People often said that my mother was a saint. Except for the hiccup after my brother was born with disabilities, she spouted happiness, joy and positive thinking. She could find something good …
People often said that my mother was a saint. Except for the hiccup after my brother was born with disabilities, she spouted happiness, joy and positive thinking. She could find something good in just about everything. If it were snowing out, she would say “How wonderful! Isn’t it so pretty? We can have fun sledding in our backyard.” If it were raining, she would say “How wonderful! The lake needed a little extra water, and the flowers needed watering.” She could find the good in everything and everyone, and, luckily, she passed that trait along to me, (as if having a happy spirit can be inherited.)
So, I have been fortunate to live a happy life. When growing up with my family, we did not have much money. Before each school year, we would go shopping at Shoppers’ World and I would be able to pick out 2 outfits, one to wear 3 days a week and one to wear on the alternating days. We never ate out at a restaurant until my parents took us to the Cape Cod Restaurant in Cranston for their 25th wedding anniversary where I ate my first commercially prepared ice cream sundae. Despite being “financially careful”, I always had love and acceptance, and it was a very happy childhood with no worries or traumas.
Whereas many people have angst over political issues, I maintain my happiness by steering away from political discussions, including about our current and past president. It boggles my mind that Trump is 76 years old, and Biden is 80. I am not yet that old, and working part-time is enough for me. I would never have the stamina to run a country, a 24/7 job, because I would need an afternoon nap. How crazy is our electoral process?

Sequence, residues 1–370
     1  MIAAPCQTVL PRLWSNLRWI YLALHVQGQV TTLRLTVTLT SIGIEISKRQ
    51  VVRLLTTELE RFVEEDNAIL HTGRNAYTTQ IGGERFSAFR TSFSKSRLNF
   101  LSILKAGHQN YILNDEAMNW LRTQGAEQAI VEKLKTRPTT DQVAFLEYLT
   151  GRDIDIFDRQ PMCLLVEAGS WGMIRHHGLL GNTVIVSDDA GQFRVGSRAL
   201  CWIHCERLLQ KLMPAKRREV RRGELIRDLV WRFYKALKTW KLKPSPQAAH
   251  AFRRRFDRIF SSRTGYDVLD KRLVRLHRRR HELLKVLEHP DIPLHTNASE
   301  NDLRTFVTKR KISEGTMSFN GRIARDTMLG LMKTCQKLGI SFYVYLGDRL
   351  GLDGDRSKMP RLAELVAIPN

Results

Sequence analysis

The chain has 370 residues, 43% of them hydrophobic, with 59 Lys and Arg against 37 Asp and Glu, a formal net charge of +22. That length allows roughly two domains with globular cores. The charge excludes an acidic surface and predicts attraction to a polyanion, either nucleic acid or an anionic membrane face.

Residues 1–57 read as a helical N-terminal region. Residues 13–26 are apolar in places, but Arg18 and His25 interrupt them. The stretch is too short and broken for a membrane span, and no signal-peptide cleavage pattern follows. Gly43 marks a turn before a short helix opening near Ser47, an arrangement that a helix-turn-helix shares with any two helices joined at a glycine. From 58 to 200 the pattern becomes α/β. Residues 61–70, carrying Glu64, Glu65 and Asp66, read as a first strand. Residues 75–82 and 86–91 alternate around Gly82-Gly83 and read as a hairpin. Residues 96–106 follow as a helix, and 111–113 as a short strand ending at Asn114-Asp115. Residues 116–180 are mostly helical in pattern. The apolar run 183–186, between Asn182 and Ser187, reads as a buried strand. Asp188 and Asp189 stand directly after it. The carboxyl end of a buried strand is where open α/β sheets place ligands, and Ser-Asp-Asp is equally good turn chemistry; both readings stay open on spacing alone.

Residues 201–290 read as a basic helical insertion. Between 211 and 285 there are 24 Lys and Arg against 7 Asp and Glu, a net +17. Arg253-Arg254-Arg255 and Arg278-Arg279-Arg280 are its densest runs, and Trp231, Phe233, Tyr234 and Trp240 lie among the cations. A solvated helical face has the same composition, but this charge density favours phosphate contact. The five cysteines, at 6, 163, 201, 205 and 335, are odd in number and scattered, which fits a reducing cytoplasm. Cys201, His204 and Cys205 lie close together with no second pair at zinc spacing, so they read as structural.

I cannot digest the fact that 828 million people in the world are starving. The number is too large to assimilate or to ignore. To absolve my conscience, I regularly contribute food items to the local food pantry, give a small check to food pantries to purchase turkeys for Thanksgiving, and make up small bags of non-perishable food items for the homeless who attend the Church Beyond Walls. My favorite thing to do is to give Christmas gifts to relatives and friends from the ELCA (Evangelical Lutheran Church in America.) This program will provide a gift of chicks for $10, honeybees for $20, pigs for $30, or a cow for $50 to a starving family in one of 80 countries. It is a “win win” situation whereby friends and relatives who do not want expensive gifts are happy to accept the donations in their honor. Yes, starvation and food distribution around the world is a serious issue, but I do not lament about it and do what I can do.
My natural ability to accept people as they are has been a Godsend. If I accept everyone, faults and all, I never have cause to complain. My office mate likes to play the radio while she works, which is distracting. Instead of getting annoyed, I wear a pair of noise cancelling headphones. She thinks I am listening to music through them, but in reality, I am listening to silence, which allows me to get my work done. If an elderly relative monopolizes the conversation at a holiday celebration, I listen politely, getting my history lesson from someone who has “been there, done that.” Others may steer clear of this person, but he/she will get my full attention. If a disheveled homeless person is walking down the sidewalk with a limp and tattered clothing, I do not cross over to the other side of the street but smile a broad smile and say hello. The ability to not find fault with anyone relieves me of potential aggravation. “God don’t make junk”, my mother used to say, and if there are imperfect human beings walking around, I will join them because I am not perfect either.
I definitely see life through “rose colored glasses”, but it has been a wonderful life! Such is the upside of positive thinking.
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